gmhTODAY 20 gmhToday June July 2018 - Page 110

POSTCARDS FROM OUR PAST

Motel Row !

Written By Michael F . Brookman

Can you imagine a time when South Santa Clara County ’ s economy relied on

ranching , farming and tourism ? It ’ s true , and it wasn ’ t that long ago ! Travel was something new to people of the early 20th Century . Many had not traveled more than a day ’ s journey from their homes . Taking the train was expensive and limited to central transportation sites . You had to have a pretty good reason to leave the homestead . The automobile age changed that . People were able to travel for leisure inexpensively and the destination was limited only by passable roads . Old , direct stage coach routes between cities were among the first to be graded ( although not necessarily paved ) for the new horseless carriages .
The engineering capabilities of the roads and vehicles of the 1920 ’ s meant a bumpy journey of between 60 and 100 miles a day . This required lodging for bone-weary travelers at frequent intervals . Necessity , mother of invention , brought the birth of the “ mo-tel ” about 1925 . The word is a contraction of “ motor hotel ” and was meant to specify motels designed for one-night stays with individual covered parking for guests ’ vehicles . Older hotels , like the Skeels in Morgan Hill , updated their facades and signs to attract the new mobile customers .
Motels began to spring up all along the El Camino Real , or Monterey Highway as it is most commonly known in South County . It ’ s hard to say how many there were at the peak of the era , about 1960 , but there were more than 20 between the Pajaro River at Sargent and Rocky Point in Coyote .
With so much competition , motels did whatever they could to entice guests . Postcards were inexpensive advertising and motels had them printed by the thousands , free to guests . Long-distance phone calls on land lines were costly and cell phones didn ’ t exist , so postcards were a good way to stay in touch with family and friends . Names and themes such as the “ Mission Trail Motor Court ,” “ De Luxe Motor Court ,” and “ Holiday Motel ,” with slogans like “ Where the Summer Spends the Winter ” and “ Morgan Hill ’ s Most Modern Motel ” were used to lure customers . Neon signs promising TV ( color later ), air conditioning and heated pools were also popular . Does anyone remember the “ Vibrating Fingers ” massage bed ? It was a big selling point but I imagine most only tried it once . Inspection and endorsement by either the American or the National Automobile Association guaranteed cleanliness and quality service .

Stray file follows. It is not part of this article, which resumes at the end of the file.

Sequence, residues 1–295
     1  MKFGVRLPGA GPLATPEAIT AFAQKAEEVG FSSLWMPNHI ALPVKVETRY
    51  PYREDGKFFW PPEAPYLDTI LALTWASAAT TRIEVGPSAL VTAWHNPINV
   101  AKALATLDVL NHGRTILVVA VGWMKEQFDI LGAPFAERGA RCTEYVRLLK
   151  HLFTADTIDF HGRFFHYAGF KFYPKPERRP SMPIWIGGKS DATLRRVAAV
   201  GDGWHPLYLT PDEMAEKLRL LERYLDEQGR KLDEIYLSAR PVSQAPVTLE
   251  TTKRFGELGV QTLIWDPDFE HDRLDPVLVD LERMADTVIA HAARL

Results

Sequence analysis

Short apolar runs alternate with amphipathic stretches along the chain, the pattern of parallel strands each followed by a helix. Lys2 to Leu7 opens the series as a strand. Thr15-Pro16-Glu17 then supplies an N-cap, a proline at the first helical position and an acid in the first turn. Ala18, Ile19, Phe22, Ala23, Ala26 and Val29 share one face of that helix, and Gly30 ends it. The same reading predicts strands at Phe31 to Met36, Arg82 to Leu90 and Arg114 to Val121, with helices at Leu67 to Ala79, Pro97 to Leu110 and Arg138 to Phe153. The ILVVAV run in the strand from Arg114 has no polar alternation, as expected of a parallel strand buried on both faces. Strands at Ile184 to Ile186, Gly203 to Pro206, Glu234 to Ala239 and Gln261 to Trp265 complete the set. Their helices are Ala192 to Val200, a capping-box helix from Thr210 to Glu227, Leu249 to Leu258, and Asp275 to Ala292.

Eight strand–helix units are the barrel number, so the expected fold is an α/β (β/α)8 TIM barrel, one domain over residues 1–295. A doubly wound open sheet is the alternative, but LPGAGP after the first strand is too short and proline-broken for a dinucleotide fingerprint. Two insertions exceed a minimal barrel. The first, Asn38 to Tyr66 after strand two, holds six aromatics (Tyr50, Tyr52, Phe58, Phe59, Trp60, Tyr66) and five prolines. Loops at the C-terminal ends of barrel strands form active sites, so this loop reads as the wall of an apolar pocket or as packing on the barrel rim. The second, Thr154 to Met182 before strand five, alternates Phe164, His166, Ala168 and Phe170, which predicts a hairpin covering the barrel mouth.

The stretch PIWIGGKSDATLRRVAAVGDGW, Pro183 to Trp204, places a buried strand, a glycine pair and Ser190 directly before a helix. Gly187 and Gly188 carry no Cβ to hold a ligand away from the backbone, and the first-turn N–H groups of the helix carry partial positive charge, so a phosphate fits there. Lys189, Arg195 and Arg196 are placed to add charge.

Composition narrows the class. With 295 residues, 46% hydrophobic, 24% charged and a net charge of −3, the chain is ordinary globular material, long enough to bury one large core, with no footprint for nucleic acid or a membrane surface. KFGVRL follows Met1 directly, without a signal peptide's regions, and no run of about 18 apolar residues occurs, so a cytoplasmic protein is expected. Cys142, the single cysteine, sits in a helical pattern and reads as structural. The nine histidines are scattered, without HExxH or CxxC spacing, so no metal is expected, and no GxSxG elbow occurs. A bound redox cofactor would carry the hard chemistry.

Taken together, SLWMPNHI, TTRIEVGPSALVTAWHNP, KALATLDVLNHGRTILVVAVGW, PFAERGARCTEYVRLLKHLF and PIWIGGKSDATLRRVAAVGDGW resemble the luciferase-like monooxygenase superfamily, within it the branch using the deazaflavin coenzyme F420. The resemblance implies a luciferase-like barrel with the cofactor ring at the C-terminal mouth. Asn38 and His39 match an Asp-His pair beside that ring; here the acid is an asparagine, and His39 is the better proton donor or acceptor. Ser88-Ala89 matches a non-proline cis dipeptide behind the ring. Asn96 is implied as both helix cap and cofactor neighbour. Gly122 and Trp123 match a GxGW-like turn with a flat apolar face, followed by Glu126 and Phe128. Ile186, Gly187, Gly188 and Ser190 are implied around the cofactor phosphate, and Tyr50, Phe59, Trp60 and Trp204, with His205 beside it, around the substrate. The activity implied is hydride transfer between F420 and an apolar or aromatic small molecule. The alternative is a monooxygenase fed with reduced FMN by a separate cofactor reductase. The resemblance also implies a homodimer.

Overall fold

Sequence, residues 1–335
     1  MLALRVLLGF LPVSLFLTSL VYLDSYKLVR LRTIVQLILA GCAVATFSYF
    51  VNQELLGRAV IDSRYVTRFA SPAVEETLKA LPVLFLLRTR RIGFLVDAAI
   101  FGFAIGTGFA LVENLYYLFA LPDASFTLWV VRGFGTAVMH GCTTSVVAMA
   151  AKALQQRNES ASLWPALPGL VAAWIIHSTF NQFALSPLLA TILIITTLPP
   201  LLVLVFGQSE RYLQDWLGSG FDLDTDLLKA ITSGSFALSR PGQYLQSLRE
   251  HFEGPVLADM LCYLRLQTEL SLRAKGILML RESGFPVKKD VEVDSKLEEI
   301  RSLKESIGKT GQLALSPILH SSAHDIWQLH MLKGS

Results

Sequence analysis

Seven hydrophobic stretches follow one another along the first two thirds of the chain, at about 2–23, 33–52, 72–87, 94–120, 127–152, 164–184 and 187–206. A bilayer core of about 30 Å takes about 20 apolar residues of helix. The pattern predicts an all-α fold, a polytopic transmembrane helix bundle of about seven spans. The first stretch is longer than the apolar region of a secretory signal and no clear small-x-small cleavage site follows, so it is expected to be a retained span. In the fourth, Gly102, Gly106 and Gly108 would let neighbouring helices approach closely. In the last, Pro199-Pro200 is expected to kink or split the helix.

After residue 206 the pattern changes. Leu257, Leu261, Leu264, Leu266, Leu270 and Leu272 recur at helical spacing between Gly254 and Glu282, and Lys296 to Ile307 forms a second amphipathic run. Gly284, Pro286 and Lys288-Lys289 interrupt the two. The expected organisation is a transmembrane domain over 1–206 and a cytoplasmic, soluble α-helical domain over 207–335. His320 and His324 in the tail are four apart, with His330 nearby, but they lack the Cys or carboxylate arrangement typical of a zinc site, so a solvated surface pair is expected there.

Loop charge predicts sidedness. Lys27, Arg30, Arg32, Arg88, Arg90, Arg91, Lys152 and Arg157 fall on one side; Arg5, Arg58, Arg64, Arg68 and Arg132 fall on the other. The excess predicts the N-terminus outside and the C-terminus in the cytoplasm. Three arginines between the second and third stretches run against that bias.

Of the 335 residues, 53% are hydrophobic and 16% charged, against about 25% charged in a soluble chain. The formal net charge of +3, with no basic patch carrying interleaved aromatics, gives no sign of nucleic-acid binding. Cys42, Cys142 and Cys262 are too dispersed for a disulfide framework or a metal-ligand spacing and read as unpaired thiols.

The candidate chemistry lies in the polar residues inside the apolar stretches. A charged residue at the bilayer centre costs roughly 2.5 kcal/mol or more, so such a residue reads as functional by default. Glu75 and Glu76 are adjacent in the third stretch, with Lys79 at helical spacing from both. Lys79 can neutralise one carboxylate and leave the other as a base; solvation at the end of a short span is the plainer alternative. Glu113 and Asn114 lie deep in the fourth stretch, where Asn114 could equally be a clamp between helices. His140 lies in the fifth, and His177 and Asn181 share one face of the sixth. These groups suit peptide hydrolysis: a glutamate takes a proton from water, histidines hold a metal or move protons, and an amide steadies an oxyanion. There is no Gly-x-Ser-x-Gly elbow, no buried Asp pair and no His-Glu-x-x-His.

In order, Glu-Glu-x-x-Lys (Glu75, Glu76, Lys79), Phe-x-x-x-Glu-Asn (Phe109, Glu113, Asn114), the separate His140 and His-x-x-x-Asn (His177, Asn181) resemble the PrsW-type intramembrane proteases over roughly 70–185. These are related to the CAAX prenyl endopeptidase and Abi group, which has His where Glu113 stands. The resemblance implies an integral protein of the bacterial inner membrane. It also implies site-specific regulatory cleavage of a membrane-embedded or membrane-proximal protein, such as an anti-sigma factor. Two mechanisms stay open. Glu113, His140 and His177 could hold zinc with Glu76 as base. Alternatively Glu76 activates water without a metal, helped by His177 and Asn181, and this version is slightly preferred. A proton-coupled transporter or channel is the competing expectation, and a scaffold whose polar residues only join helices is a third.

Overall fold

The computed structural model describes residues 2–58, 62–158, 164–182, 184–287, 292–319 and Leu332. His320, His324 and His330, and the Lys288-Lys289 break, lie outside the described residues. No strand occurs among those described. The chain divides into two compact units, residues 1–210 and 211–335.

Motels ’ popularity brought them into the limelight of our culture . The movie “ It Happened One Night ” with Clark Gable and Claudette Colbert featured a motel in its plot and won five Oscars in 1934 . Even the great local author , John Steinbeck , wrote about motels in his novel , “ Travels with Charlie ,” although not in an entirely favorable light .
The motels brought much-needed revenue from outside the area for our rural community . Guests had lunches and dinners at restaurants , bought incidentals at the local markets and had their cars fueled and serviced in town . Local government not only benefited from sales tax collected by merchants , but charged a transient occupancy tax that was a greater percentage of the hotel bill than sales tax was of merchandise ! As roadway and vehicle efficiency improved and flight travel became more economical , motels went into decline . Covered carports were no longer needed with the weatherproofing of newer model cars . Modern , single-building motels were more efficient architecturally and the single units faded out . Some converted the old carports to additional rooms and became low-income housing , renting by the day , week or month . You can still see many of the old motels on Monterey Highway while their past remains captured forever on postcards .